"I didn't know it was a diamond then, but it was clean and shiny, so I picked it up!"

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A California traveler discovered a 4.38-carat yellow diamond in Arkansas' Crater of Diamonds State Park, the largest gem found at the park this year.

The woman, Noreen Wredberg from Granite Bay, Calif., uncovered the diamond on Sept. 23 after searching an area in the middle of a field, according to the park. The rare gem was just sitting there on top of the soil, waiting to be found.

Noreen Wredberg holding the Lucy Diamond
Credit: Courtesy Arkansas Department of Parks, Heritage & Tourism

"I didn't know it was a diamond then, but it was clean and shiny, so I picked it up!" Wredberg said in a statement. "We really didn't think we would find one, let alone something that big!"

The couple happened to come on a good day for diamond searching: a couple days after hard rain.

"Diamonds are somewhat heavy for their size and lack static electricity, so dirt doesn't stick to them. When rain uncovers a larger diamond and the sun comes out, its reflective surface is often easy to see," Park Interpreter Waymon Cox said in a statement. "More than one inch of rain fell at the park between Sept. 19 and 21. The soil had dried a little, and the sun was out when Mrs. Wredberg visited two days later. She was in just the right place to see her diamond sparkle in the morning sunlight!"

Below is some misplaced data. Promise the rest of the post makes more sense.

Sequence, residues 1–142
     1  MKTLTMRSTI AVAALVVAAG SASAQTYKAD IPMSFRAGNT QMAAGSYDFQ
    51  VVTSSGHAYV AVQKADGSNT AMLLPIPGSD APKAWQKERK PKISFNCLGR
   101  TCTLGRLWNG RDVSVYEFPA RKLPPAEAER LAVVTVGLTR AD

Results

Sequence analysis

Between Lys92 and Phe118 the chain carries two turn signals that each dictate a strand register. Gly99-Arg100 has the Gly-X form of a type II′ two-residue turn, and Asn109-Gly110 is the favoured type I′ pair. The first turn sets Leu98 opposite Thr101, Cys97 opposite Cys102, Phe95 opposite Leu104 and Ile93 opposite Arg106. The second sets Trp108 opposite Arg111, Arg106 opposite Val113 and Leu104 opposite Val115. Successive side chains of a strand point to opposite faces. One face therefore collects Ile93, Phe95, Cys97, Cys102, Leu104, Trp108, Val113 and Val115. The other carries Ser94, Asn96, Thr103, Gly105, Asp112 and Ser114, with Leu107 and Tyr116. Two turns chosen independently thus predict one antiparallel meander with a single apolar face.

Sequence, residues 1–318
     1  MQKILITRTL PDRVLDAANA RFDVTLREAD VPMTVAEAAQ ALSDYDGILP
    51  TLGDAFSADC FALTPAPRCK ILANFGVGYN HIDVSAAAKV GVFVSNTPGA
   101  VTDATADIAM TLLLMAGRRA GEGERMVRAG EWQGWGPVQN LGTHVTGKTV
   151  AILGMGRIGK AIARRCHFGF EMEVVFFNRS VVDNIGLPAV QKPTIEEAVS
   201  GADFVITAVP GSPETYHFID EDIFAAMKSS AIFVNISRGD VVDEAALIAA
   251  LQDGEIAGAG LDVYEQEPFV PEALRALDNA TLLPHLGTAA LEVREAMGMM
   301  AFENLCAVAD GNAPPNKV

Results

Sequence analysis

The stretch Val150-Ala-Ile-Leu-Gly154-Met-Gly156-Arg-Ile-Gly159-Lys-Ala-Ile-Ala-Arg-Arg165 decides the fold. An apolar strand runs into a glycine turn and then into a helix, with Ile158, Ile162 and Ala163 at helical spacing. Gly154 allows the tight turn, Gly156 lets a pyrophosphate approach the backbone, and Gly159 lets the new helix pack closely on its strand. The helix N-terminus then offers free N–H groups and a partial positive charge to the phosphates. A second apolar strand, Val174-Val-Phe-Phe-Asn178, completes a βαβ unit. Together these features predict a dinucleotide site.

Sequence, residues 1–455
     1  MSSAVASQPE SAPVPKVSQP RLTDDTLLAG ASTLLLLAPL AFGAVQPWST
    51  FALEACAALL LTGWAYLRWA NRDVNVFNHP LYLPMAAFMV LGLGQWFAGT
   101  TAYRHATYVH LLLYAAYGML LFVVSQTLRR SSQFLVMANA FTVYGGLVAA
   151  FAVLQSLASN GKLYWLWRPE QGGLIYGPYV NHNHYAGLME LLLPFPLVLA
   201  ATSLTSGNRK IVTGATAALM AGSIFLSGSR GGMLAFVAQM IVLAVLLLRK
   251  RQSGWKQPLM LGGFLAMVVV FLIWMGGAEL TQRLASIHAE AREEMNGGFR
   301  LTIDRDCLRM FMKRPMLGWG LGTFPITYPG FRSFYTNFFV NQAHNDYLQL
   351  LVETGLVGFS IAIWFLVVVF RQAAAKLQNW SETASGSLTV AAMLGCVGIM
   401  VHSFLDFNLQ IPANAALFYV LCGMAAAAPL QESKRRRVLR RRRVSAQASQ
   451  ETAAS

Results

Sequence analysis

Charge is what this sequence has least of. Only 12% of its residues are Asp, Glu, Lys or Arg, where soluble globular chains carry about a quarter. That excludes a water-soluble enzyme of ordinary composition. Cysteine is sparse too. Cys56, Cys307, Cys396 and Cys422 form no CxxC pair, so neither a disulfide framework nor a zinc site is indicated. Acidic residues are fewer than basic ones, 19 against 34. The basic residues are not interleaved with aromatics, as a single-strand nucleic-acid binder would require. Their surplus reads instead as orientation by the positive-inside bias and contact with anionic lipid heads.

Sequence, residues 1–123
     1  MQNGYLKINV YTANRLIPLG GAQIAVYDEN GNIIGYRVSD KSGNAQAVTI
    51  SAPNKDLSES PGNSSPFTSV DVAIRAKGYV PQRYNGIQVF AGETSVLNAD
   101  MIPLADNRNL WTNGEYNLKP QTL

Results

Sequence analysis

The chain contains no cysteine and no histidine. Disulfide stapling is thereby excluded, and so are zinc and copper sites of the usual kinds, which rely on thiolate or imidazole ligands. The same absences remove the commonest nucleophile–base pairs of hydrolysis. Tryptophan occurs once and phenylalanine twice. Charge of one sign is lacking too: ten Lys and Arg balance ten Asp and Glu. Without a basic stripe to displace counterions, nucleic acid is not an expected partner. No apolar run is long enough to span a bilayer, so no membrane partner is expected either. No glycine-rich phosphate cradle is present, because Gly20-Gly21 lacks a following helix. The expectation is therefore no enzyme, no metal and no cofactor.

The Lucy Diamond in the dirt found by Noreen Wredberg
Credit: Courtesy Arkansas Department of Parks, Heritage & Tourism

Wredberg named her discovery "Lucy's Diamond" after her husband's kitten and said she may decide to have it cut.

More than 250 diamonds have been registered at Crater of Diamonds State Park so far this year, totaling more than 46 carats, according to the park. The most common color found at the park is white, followed by brown and yellow.

The Lucy Diamond on a quarter found by Noreen Wredberg
Credit: Courtesy Arkansas Department of Parks, Heritage & Tourism

The largest diamond ever found in the area was a 40.23-carat stone discovered in 1924. The white diamond with a pink cast was named "Uncle Sam" and later cut into a 12.42-carat emerald shape. The park itself was established in 1972.

Last year, a man discovered a 9.07-carat brandy brown diamond, the second-largest ever found at the state park. And in 2019, a Nebraska teacher found a 2.12-carat brown diamond.

Alison Fox is a contributing writer for Travel + Leisure. When she's not in New York City, she likes to spend her time at the beach or exploring new destinations and hopes to visit every country in the world. Follow her adventures on Instagram.